* EU report touts 0.2 pct extra annual global growth from full Doha deal
* Trade talks deadlocked since 2008 as gains predictions diverge
* EU study sees $100 billion annual gains in cutting red tape at borders
By Juliane von Reppert-Bismarck
BRUSSELS, Oct 31 (Reuters) - Moribund talks for a global accord to open up trade could boost world exports by more than half a trillion dollars a year if they were revived and completed, lifting global economic growth by 0.2 percent, an EU report said on Monday.
The Doha round of global trade talks — launched almost ten years ago at the World Trade Organization — has failed to reconcile rich and emerging nations over how to tear down long-established barriers protecting domestic farming, industrial and services sectors.
Attempts for a scaled-back accord have also failed and though no one has dared declare the round dead, trading nations and business have turned their attention to bilateral treaties, investment opportunities and the possibility of smaller sector-specific accords.
But a study commissioned by the EU’s executive Commission has found that liberalising trade in industrial goods, farm products and services and cutting red tape at borders could add $359 billion per year to world exports.
Exports could grow by a further $146 billion a year if barriers guarding sensitive sectors such as chemicals, machinery and electronics could be torn down, the report says.
Cutting red tape at border crossings - an initiative that the WTO has said should be tackled even in the absence of a comprehensive Doha deal - would alone account for $100 billion in additional exports, the study says.
Estimates about the economic gains of a Doha deal have varied from predictions of a one-time gain of $60 billion to those expecting hundreds of billions in gains each year, with the lower estimates eroding interest in a deal among the global business community.
“It is simply not possible to measure with any accuracy the results of a negotiation in which so many fundamental variables regarding market access remain undefined,” said a U.S. official, commenting on the report.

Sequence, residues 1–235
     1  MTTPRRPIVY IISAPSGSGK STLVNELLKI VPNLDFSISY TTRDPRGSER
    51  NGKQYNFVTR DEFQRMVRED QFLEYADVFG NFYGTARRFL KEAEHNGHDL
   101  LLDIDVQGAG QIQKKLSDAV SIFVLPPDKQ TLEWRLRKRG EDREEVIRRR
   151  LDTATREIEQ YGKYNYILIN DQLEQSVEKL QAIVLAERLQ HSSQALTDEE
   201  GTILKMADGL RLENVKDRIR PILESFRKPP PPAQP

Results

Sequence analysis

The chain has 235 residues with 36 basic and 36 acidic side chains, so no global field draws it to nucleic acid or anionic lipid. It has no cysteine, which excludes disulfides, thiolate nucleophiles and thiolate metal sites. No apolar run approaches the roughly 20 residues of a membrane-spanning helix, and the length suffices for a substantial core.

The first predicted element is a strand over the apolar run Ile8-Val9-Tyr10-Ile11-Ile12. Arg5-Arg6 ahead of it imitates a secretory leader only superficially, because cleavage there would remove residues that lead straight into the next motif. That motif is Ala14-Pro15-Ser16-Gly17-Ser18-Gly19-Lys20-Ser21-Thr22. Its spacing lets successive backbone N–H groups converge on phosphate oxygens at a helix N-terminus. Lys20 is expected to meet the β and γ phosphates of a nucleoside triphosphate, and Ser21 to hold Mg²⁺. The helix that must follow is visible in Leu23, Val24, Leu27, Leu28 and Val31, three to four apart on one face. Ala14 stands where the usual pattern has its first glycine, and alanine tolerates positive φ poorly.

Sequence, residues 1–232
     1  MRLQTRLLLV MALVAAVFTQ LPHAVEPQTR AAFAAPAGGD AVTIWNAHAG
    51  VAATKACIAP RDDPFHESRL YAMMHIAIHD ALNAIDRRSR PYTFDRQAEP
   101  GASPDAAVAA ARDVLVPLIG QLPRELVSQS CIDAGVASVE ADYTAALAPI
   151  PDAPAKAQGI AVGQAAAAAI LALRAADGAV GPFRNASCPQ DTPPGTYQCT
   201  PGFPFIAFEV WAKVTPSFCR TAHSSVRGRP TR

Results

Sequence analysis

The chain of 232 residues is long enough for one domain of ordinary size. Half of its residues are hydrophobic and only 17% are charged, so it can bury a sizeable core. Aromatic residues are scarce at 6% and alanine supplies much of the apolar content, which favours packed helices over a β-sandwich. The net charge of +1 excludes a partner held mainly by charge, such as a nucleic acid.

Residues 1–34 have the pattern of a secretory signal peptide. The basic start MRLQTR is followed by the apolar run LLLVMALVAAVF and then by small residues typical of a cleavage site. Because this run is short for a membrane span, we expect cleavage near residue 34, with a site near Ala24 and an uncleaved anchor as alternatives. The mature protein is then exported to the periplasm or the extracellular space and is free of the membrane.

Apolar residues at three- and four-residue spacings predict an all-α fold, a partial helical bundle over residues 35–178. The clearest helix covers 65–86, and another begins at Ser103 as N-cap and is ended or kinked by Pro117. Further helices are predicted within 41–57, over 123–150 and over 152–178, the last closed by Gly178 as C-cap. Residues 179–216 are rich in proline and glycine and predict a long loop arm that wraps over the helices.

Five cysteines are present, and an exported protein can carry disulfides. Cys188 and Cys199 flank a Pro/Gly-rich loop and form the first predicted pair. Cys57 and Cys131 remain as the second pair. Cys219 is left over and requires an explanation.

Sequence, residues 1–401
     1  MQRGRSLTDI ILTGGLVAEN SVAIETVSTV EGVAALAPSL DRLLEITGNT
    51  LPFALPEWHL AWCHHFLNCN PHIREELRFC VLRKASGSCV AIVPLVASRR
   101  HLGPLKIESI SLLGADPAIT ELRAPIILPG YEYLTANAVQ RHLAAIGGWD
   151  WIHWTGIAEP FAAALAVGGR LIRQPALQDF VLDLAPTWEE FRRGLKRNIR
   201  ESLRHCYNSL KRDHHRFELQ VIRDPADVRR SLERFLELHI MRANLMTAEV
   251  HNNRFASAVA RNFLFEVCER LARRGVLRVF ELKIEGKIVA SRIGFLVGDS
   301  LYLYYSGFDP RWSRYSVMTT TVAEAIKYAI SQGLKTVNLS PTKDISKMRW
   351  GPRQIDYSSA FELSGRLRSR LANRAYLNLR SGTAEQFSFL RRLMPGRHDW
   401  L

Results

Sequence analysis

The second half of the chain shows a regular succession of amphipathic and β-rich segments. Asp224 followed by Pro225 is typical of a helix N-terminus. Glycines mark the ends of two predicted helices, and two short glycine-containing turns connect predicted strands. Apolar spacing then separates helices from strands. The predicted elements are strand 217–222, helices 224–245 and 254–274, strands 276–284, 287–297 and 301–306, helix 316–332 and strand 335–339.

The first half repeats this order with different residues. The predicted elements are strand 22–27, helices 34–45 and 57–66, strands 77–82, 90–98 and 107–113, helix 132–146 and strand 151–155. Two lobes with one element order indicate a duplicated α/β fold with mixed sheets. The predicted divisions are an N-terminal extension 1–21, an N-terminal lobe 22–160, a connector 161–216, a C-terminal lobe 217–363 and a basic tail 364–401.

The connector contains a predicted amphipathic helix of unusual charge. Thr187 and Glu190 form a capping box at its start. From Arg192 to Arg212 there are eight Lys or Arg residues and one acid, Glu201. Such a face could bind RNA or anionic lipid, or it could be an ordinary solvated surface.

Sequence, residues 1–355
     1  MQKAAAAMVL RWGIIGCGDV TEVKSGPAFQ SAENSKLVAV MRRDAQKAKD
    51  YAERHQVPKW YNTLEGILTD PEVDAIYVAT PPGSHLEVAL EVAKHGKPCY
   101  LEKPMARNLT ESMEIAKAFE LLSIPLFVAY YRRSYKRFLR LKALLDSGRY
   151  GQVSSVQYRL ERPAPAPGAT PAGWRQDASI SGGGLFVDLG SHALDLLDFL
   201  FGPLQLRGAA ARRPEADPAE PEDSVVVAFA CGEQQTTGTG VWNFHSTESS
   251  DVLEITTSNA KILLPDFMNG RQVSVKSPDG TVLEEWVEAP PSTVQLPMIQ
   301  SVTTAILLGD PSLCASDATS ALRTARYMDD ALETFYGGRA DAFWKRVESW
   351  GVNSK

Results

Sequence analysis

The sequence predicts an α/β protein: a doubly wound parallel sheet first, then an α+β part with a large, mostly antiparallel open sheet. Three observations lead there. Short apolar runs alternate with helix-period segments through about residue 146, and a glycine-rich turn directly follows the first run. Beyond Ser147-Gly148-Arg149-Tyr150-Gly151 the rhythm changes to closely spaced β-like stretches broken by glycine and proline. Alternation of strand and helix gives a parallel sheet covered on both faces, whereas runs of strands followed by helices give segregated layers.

“We have not completed analysis of the study, but are skeptical about the assumptions on which it seems to be based.”
The European Commission defended Monday’s report in a statement as being “based on new data for the world economy, which includes the impact of the financial and economic crisis.”
Estimated gains in Monday’s report include tariff cuts on industrial sectors and environmental goods such as wind and solar energy components. Previous negotiations on such tariffs cuts triggered fierce divisions among WTO members and are broadly not expected to resume soon.
Reflecting gloomy expectations on trade, G20 leaders meeting in Cannes to discuss global economic crisis this week are expected to reiterate merely their commitment to global trading rules and promise to resist protectionist urges accompanying the economic downturn.
Leaders meeting in Cannes on Nov. 3-4 are intent on sending a reassuring message, via economic pledges, to reduce economic imbalances; that the euro zone’s debt crisis is under control, and that any risks to the global recovery are being taken care of.
But concern over the small print of Europe’s crisis package and efforts to coax China into contributing funds threaten to dominate the gathering. (Reporting by Juliane von Reppert-Bismarck; additional reporting by Catherine Bremer in Paris and Doug Palmer in Washington)